World Health Organization. Marketing of breast-milk substitutes: national implementation of the international code status report 2020. 2020. https://apps.who.int/iris/bitstream/handle/10665/332185/9789240006034-eng.pdf (accessed 14 June 2022)

World Health Organization. Infant and young child feeding. 2021. https://www.who.int/news-room/fact-sheets/detail/infant-and-young-child-feeding (accessed 14 June 2022)

Understanding the code

02 July 2022
7 min read
Volume 30 · Issue 7

Abstract

Omobolanle Adeyela, a student midwife, uses Gibbs' reflective cycle to understand the international code of marketing of breastmilk substitutes

My third year elective placement was centred on increasing my knowledge in relation to the international code of marketing of breastmilk substitutes (known as the code) (World Health Organization (WHO), 1981). In 2021, the code marked its 40th anniversary. The code is a guideline developed by the WHO to protect and promote breastfeeding for mother, infant and family. The code is designed to stop commercial interests endangering the health and wellbeing of infants. The code ensures that when human milk substitutes are required, they are used properly through adequate information and appropriate marketing and distribution (Soldavini and Taillie, 2017).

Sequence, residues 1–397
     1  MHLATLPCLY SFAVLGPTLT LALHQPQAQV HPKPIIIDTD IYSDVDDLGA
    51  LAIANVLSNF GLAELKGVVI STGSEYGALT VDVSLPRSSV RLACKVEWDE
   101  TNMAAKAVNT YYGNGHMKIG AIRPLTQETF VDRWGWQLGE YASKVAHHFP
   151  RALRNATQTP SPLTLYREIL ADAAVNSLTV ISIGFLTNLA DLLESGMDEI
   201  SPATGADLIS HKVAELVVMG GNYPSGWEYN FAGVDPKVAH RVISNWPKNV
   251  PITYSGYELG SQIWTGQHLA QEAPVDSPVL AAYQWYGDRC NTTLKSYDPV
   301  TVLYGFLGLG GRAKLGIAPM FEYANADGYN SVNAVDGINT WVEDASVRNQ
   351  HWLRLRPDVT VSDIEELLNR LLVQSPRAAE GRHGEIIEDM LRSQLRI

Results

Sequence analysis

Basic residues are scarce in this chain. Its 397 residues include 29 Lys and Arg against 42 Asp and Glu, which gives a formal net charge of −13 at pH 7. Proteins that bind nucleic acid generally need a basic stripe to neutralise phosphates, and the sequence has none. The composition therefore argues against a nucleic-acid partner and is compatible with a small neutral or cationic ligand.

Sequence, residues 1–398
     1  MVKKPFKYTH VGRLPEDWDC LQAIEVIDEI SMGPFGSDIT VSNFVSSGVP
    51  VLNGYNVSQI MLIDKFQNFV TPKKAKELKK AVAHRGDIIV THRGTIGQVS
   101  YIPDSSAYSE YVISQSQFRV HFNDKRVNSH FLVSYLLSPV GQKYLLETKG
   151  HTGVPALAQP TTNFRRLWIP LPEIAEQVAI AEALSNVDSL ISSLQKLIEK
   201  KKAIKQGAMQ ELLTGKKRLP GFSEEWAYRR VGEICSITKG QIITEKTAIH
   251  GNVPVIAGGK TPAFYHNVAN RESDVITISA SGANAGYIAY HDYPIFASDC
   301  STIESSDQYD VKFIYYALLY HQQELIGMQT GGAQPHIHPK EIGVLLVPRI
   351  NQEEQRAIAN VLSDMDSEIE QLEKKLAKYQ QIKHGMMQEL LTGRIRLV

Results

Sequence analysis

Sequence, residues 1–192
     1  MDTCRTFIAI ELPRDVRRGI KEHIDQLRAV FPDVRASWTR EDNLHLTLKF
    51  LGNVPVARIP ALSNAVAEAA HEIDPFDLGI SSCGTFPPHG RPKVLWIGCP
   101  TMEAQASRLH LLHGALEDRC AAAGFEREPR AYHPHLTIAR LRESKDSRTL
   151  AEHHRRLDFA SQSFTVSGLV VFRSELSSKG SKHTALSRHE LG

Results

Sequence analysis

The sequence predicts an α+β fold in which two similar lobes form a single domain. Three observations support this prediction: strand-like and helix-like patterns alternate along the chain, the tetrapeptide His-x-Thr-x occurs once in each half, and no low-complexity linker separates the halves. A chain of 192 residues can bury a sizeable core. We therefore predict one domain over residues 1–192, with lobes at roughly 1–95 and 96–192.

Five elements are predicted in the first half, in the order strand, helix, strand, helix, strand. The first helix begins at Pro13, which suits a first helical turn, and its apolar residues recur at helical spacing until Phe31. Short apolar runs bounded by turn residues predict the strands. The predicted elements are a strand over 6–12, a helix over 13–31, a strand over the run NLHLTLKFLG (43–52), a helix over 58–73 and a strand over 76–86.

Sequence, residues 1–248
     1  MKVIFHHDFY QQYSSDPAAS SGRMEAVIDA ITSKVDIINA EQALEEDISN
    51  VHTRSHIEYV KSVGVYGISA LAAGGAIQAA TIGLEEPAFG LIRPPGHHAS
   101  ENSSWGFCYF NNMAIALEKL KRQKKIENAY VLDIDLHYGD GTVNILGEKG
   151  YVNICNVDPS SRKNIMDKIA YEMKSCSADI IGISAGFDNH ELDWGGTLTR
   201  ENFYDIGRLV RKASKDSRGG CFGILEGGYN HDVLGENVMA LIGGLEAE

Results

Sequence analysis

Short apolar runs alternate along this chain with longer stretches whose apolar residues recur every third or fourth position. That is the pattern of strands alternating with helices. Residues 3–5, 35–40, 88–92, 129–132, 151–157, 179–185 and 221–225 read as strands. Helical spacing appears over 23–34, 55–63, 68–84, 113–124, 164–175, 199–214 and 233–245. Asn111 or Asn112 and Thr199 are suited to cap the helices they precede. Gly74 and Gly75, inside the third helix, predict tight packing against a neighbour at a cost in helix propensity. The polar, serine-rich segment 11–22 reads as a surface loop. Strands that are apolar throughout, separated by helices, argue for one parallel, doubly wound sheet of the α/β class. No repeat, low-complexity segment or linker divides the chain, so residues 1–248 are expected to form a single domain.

The purpose of the code is to restrict marketing and advertising of breastfeeding substitutes, such as formula milk, teats, bottles, baby foods marketed for use before 6 months (eg cereals, juices or baby teas) and soothers to mothers, families and wider public/society. The reason for this is that exposure to formula marketing can affect exclusive breastfeeding, informed choice in relation to infant feeding methods or the choice not to breastfeed (Heinig, 2006). The code ensures that women and their families have the necessary factual information to make a decision that is right for their family.

Register now to continue reading

Thank you for visiting British Journal of Midwifery and reading some of our peer-reviewed resources for midwives. To read more, please register today. You’ll enjoy the following great benefits:

What's included

  • Limited access to our clinical or professional articles

  • New content and clinical newsletter updates each month